Joint assets are usually frozen until the financial aspects of divorce have been resolvedand this prevents spouses from accessing – and potentially wasting – marital funds. However, a spouse can still ask a judge to unfreeze joint accounts. This occurred when a former college football coach asked a judge to vacate a mutual restraining order preventing him from accessing joint funds. He argues that these funds are necessary to pursue a lawsuit against his former employer. Is this strategy even viable?

Coach Argues that Successful Wrongful Termination Lawsuit Will Benefit His Wife

In making his request, the coach in question argued that his chances of success are high – and that his estranged wife would benefit from this legal victory. According to him, it is in her best interests to give him access to the joint funds. A court in Michigan has already ruled that these joint assets should not be used for personal legal expenses. 

According to his wife, he has already spent about $1.5 million of the couple’s joint assets on legal fees. In other words, the restraining order was intended to contain the damage rather than prevent it entirely. Seeing as the coach has already taken a seven-figure chunk out of the marital estate, it seems unlikely that a judge would allow him to take another bite. 

The coach’s lawsuit revolves around his alleged wrongful termination. Somewhat ironically, he is accused of sexually harassing someone who was trying to educate his college football team about sexual harassment. In his defense, the coach complains that the incident (which apparently occurred over the phone) was purely consensual. In the aftermath of this incident, his employer canceled his contract – preventing him from collecting about $75 million.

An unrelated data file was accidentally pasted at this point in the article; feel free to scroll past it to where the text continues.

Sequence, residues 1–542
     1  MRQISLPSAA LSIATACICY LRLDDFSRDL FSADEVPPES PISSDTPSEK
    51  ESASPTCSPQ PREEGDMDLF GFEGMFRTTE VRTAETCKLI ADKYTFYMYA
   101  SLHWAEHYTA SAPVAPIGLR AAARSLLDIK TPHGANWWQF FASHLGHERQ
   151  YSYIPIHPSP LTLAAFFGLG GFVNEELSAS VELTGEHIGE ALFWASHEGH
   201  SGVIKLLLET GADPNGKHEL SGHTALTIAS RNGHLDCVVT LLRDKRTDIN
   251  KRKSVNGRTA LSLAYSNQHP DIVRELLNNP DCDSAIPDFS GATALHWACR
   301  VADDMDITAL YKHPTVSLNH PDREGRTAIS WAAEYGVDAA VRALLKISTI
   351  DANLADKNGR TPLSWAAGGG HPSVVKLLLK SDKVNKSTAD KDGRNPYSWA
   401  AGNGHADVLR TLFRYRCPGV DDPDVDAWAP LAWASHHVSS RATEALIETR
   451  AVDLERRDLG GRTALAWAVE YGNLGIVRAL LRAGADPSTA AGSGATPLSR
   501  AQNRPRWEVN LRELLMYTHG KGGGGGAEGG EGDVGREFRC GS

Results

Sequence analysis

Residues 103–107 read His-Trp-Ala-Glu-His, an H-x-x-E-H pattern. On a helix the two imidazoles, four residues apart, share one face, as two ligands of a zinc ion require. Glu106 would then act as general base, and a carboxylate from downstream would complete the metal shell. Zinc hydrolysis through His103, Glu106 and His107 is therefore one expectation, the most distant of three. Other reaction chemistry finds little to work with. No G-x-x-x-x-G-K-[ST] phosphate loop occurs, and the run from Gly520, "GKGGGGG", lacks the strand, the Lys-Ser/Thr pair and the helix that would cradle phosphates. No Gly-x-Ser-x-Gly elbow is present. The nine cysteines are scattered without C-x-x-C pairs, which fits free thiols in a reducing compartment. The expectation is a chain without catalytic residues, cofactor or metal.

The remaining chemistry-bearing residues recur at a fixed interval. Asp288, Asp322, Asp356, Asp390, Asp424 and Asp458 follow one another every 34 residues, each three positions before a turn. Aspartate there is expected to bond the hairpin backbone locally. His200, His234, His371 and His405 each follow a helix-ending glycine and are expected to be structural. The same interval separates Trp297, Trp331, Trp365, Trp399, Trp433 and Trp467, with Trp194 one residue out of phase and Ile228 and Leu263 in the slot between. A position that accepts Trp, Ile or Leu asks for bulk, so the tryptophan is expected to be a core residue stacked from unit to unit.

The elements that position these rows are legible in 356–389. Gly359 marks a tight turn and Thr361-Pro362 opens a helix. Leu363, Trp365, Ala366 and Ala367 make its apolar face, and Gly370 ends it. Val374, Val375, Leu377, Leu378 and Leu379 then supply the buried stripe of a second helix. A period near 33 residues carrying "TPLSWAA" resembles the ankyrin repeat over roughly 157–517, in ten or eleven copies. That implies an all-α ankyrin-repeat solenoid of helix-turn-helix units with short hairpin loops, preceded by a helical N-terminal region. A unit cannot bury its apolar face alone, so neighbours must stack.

Despite the coach’s promise to sue the school for wrongful termination, he has yet to do so. Currently, his legal fees seem to be centered around defending himself in a separate lawsuit filed by the alleged sexual harassment victim. The phone call was apparently just one of many unwelcome advances made by the coach. An independent investigator later concluded that even after the phone call, the coach engaged in quid pro quo sexual harassment against the woman. The problem is that even if the phone call was consensual, it would have still allowed the college to fire the coach based on a policy against relationships between employees. 

In light of these controversies, it should come as no surprise that the coach is also attempting to keep the divorce out of the public record. He argues that if certain details of the divorce become public, it will affect his chances of getting another job. However, one might argue that the damage has already been done – and that the coach’s reputation is already ruined (through no fault of the wife). 

Should Spouses Gain Access to Marital Funds When Funding Lawsuits?

Although it seems unlikely that he will gain access to the funds he needs to cover his legal fees, the coach’s situation raises interesting questions. What if a spouse needed to pay legal fees for an almost guaranteed victory? Would a judge agree to give access to marital funds to serve the best interests of both spouses? It is worth mentioning that most plaintiffs (including those in wrongful termination lawsuits) do not have to pay any legal fees until they win due to a contingency-fee system.